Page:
• Add ground Sichuan peppercorns, garlic and ginger. Cook and stir for another 30 seconds to release fragrance.
  • Stir the vinegar-based sauce with a spoon to dissolve cornstarch completely. Carefully add to the saucepan. Cook and stir until the sauce thickens just enough to coat a spoon (the sauce will thicken once cooled down). Transfer to a bowl immediately.
  • Once the sauce is cooled down completely, transfer to an airtight jar. Store in the fridge for 1 to 2 weeks. Store the sauce in the freezer for longer period of time.


  1. Chinese and Korean chili flakes are quite mild and are suitable for using in this sauce. If you’re not sure about the heat level of your chili flakes, start with 1 teaspoon chili flakes so your sauce won’t turn out too spicy. Alternatively you can use 1 teaspoon cayenne powder.
Did You Make This Recipe?Don't forget the last step! Leave a comment below, and tag me @OmnivoresCookbook and #OmnivoresCookbook on Instagram!


Homemade Kung Pao Sauce - Chinese Sauce | Stir Fry Sauce | Chinese Food | Chinese Recipes | Asian sauce

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Reader Questions and Reviews

  1. Jennie Durren says:

    5 stars
    I can’t wait to try this! We’ve loved your General Tso’s sauce recipe and use it all the time. Our favorite stir fry with it has been chicken, onions, and scallions.

    • Maggie says:

      Hi Jennie, I’m so happy to hear that you like my General Tso’s sauce recipe! In this case, you’ll definitely like the Kung pao sauce as well 🙂 It goes great with chicken and onion too.
      Happy cooking and let me know how the dish turns out!

    • Ac says:

      3 stars
      It would be good but the balance is off. It’s too vinegar forward. I’d follow the concept again but lower the ratio of vinegar to soy. I’d also use less sugar and make it brown sugar. More ginger. It really would be great if it weren’t for the vinegar overwhelming everything

  2. Steven Douglass says:

    2018 is the year that I follow through and increase my knowledge from only creating stir fry into more complicated dishes.
    Although eggplant is not more complicated, it is what brought me to your website. I had been looking for a good eggplant recipe .
    I was introduced to eggplant parmesan and Thai eggplant and came to realize each culture has its own take on eggplant… So here I go.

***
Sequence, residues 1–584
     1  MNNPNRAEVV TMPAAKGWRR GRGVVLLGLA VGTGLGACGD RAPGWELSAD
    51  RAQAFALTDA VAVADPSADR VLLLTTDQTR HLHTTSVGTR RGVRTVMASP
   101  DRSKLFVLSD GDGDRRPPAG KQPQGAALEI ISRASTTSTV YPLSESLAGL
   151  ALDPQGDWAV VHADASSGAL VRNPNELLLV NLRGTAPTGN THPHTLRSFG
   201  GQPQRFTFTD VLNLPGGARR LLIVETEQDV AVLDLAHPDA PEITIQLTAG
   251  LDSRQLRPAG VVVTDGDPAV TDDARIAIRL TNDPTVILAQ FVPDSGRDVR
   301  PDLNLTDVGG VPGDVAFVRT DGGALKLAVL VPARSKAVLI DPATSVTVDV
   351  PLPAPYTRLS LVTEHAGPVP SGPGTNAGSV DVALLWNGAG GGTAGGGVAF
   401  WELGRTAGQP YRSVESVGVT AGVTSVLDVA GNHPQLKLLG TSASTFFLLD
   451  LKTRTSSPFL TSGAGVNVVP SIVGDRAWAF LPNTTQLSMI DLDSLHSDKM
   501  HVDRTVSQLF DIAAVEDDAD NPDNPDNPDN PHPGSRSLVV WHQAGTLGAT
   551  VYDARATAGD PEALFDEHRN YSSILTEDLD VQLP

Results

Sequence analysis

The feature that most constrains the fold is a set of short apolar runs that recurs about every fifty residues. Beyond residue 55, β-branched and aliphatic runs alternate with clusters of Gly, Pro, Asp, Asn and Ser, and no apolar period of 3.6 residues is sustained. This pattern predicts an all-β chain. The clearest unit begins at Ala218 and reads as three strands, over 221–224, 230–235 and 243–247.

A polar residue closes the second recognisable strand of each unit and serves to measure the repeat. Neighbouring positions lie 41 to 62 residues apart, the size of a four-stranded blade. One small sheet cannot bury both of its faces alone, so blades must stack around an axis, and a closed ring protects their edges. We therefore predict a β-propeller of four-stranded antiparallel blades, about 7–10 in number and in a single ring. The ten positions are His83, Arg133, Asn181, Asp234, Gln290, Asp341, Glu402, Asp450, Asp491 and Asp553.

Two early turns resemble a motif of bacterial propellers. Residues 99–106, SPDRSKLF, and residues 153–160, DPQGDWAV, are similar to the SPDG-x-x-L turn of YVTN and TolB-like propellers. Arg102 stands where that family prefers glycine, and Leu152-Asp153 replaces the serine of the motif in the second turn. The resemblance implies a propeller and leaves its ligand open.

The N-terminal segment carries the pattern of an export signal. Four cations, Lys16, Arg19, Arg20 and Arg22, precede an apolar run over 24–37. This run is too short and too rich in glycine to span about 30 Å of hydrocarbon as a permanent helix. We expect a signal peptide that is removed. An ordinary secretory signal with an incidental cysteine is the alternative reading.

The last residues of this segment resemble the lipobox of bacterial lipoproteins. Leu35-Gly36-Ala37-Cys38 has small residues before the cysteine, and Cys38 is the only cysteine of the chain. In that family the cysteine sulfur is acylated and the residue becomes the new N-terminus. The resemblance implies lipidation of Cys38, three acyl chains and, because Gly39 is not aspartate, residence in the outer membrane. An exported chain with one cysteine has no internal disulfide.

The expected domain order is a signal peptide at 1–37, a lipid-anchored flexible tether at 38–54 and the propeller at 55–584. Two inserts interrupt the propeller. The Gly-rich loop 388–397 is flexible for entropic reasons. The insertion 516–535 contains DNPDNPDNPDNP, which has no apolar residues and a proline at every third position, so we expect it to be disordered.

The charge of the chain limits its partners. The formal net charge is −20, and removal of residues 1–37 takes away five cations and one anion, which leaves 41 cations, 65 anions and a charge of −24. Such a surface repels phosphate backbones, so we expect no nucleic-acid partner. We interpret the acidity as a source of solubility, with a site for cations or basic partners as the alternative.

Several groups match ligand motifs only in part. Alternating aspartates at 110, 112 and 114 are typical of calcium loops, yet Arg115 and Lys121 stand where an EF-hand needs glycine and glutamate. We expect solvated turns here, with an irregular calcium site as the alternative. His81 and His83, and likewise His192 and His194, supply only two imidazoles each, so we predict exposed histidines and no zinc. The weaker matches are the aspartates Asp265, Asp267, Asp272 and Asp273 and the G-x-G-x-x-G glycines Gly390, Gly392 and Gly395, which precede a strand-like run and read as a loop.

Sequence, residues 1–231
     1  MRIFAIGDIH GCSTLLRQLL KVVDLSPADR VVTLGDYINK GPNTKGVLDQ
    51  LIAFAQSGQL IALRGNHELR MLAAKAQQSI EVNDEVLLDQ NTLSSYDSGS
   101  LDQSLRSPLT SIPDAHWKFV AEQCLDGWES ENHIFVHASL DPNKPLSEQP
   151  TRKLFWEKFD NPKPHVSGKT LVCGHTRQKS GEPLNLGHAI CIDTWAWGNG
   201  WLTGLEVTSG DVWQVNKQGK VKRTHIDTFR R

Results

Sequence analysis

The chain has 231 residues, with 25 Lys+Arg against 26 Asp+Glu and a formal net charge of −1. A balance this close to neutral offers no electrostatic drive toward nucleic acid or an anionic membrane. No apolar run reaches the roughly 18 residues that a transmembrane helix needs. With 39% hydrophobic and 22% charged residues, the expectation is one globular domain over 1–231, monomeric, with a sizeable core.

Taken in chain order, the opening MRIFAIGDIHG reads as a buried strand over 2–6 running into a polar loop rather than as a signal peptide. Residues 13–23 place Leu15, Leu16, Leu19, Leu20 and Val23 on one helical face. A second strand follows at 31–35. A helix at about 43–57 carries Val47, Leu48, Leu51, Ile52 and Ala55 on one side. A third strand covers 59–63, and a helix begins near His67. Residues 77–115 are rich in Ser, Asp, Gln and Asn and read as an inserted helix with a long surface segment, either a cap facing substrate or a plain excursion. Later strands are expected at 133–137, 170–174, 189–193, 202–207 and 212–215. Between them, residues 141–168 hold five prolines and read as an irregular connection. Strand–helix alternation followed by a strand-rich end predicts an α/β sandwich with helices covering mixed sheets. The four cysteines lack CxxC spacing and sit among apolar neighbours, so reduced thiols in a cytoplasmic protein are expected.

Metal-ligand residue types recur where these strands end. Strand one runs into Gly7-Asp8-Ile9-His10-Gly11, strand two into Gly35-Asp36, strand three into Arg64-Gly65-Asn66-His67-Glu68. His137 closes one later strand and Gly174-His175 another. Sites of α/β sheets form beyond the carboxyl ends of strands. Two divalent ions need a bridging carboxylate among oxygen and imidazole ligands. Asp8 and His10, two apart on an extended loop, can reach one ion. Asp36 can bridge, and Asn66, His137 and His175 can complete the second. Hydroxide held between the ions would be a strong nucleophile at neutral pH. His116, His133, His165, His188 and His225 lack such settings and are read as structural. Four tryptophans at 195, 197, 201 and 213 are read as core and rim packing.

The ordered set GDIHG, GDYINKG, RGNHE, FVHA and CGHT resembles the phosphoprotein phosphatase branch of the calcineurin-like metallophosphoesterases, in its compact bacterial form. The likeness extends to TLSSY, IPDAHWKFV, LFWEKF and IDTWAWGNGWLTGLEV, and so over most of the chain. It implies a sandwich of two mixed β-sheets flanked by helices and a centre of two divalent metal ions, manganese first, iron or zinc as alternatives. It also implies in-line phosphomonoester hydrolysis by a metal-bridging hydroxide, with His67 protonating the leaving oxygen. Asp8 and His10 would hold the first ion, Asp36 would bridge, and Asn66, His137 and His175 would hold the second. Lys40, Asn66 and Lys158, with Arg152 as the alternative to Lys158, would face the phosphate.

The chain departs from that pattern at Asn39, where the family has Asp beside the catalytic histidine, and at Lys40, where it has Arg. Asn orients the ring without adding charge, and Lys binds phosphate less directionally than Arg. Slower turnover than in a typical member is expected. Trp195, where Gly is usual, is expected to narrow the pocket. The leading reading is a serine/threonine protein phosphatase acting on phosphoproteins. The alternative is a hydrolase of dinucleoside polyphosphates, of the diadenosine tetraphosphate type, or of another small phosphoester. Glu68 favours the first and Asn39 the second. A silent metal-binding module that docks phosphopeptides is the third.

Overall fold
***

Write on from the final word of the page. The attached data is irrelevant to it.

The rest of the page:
3. Susan says:

    5 stars
    Absolutely delicious! The fragrance alone is irresistible. I made it last night and used it with your brussels sprouts recipe, and everyone loved it. How long will the sauce keep in the fridge?

  4. Lily Liu says:

    Hi Maggi,
    I would really like to know what is Chinkiang vinegar. Is it red or rice vinegar?

    Kind Regards

    • Dianna says:

      It is a black vinegar. I don’t think there is a good substitute as it is a distinct taste but I’m no expert.

  5. Sofia says:

    5 stars
    Your blog is awesome and inspired many dinners using your recipes. Thanks!

    In this sauce, can you omit the sesame seeds or replace them with something else? (cooking for someone who is allergic to sesame )

  6. GEORGE A BLACK says:

    5 stars
    Maggie, this recipe was delicious. I was out of white sesame seeds so I substituted in some tahini (sesame paste). It turned out great. The only problem I had was that the recipe I used didn’t make enough. As I was finishing the sauce, I couldn’t resist continuously going back in for another taste to see if it was as good as the last taste! Outstanding! 🙂

  7. Stuart says:

    5 stars
    A terrific sauce with great depth of flavor. Made this sauce yesterday for Chef Zhu’s Kung Pao Shrimp last night for dinner. Had this stir fry over pan fried noodles. The sauce certainly makes the dish. With plenty of sauce left over I’ll be having another Kung Pao dish soon. For 2 – 3 years I’ve been making Chef Ming Tsai’s Kung Pao sauce which had been receiving mixed reviews: my roommate is a female critic from Canton. A major difference is that Chef Zhu’s sauce has far less soy sauce: 1/4 cup light vs 1 cup of dark sauce, hence Chef Zhu’s is far less salty and allows the flavors of the fresh herbs/seasonings to come through and brighten the dish.